As a video conferencing solution, the video and audio quality are fantastic without consuming huge amounts of data. Microsoft Teams also provides the full range of features expected from a leading video conferencing software provider, including screen sharing and call recording, live captions, background blur technology, and chat functionalities. The messaging features are also a strength for Teams, notably in how clean and simple it usually is.


Microsoft does a really good job with licensing for Teams and makes it convenient and easy for their existing customers to add Teams to their existing products. For example, if you already have an E3 or E5 license, you might have much more included in that than you realize. A Microsoft phone system might already be included or, if you move over to Teams, you might see a minimal increase in the cost of your license compared to going with a completely different vendor for your telephony (like Cisco). This is part of the reason Teams is growing so quickly – many companies already have a foot in the door and so it is a natural fit to migrate to Microsoft Teams for their UC as well.

Unrivaled R&D

As a Fortune 100 company themselves, Microsoft has all the resources you could ask for. Like most of their products, Teams is an evolving solution constantly adding more apps, better integration, and further improvement every day. This doesn’t just include Office 365 – there are also countless integrations and apps from other partners like Trello, InVision, and SurveyMonkey, to name a few. You can see a full list of apps and useful integrations right here.

Top-Notch Security

Microsoft Teams is built on the Microsoft 365 and Office 365 hyper-scale, enterprise-grade cloud, delivering the advanced security and compliance capabilities we’ve come to expect from them. Teams enforces team-wide and organization-wide two-factor authentication, single sign-on through Active Directory, and encryption of data in transit and at rest. Files are stored in SharePoint and are backed by SharePoint encryption. Because Teams works in partnership with SharePoint, OneNote, Exchange, and more, your team should be comfortable managing security in Microsoft 365 or Office 365.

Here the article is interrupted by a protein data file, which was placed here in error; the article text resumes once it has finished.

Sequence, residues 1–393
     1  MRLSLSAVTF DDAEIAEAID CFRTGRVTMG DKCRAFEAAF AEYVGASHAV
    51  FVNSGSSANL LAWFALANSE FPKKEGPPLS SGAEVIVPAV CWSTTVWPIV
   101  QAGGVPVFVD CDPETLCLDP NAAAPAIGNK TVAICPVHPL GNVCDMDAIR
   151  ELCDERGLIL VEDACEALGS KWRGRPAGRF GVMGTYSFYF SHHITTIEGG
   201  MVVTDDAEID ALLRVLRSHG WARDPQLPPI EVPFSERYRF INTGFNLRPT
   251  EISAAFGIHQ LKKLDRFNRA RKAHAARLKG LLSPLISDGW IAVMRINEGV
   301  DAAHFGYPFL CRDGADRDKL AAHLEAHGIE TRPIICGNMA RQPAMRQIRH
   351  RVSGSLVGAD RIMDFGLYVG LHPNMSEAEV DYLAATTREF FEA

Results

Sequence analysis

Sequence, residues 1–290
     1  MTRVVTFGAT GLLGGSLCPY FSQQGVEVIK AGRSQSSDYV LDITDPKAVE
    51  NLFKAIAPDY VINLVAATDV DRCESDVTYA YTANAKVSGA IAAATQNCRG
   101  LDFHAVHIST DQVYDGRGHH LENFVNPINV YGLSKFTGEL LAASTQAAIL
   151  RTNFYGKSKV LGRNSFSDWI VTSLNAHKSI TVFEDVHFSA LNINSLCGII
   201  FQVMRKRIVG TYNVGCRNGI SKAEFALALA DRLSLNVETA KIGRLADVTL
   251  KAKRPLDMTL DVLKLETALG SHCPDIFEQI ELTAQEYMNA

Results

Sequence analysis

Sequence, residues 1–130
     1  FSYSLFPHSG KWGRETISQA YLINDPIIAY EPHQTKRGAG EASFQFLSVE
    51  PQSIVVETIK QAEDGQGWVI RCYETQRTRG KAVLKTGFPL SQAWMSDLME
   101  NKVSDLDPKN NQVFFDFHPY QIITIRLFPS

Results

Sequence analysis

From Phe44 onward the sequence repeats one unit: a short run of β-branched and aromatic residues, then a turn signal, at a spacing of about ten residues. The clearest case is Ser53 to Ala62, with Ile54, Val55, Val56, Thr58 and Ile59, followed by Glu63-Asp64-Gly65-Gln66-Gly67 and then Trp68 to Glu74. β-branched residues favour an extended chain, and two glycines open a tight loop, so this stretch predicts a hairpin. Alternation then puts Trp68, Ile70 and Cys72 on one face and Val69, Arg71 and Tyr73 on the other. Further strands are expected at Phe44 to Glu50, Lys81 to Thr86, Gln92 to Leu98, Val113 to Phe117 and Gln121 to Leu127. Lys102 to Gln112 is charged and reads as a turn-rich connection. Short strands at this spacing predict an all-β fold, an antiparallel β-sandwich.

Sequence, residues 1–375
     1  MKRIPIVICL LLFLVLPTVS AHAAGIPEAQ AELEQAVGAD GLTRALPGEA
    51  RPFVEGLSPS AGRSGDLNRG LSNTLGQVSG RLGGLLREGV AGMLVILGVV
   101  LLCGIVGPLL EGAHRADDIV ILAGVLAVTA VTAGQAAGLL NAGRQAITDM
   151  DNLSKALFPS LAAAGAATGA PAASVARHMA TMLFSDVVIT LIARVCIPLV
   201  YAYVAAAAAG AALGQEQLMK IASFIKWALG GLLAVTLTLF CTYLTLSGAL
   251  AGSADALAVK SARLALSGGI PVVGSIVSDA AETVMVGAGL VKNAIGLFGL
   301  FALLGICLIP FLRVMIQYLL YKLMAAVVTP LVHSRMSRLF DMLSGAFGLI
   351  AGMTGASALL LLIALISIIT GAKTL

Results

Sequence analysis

Users Love it

Microsoft Teams is known for its simplicity, intuitive user interface, and integrations with other familiar Office 365 applications. It is designed to be easy to learn and use so users can concentrate on performing their jobs more effectively. If software reviews are anything to go by, Teams seems to generally achieve this goal, as it currently has a 4.4-star rating on Capterra and an 8.1 out of 10 on TrustRadius.


The Bad: What Could be Improved

Limited Insights

As you might expect, Microsoft collects and store a lot of data about Teams, which is a plus. However, the actual reporting available is somewhat limited. While we expect this to improve in the future with tools like Power BI, access to Teams’ data is fairly minimal.

Native Contact Center

Unfortunately, Microsoft Teams does not currently offer a true native Contact Center. The platform does offer call center-type features like call center-type features like call queuing, auto attendants, and shared voicemail. However, it has limited reporting and no advanced features like skills-based routing. Teams’ integration with 365 Dynamics, meanwhile, is still relatively basic from a Contact Center features perspective and isn’t ready for larger, more complex environments.

To their credit, this is slowly starting to change. In July 2022, Microsoft announced its Digital Contact Center Platform, which will be powered by Nuance AI, Teams, and Dynamics 365. It’s not generally available yet, it’s worth keeping an eye on.

Bloated Teams Client

Despite performance improvements over the past few years, the Teams client still has extremely high resource requirements and uses a lot of RAM. Users might find it uses up most of the available resources or even experience random freezing or crashing. Part of these issues stems from the fact that Microsoft Teams relies on the Electron platform. As a result, it needs to constantly load a relatively large number of libraries. If you want to learn more, you can read this guide on how Teams uses memory.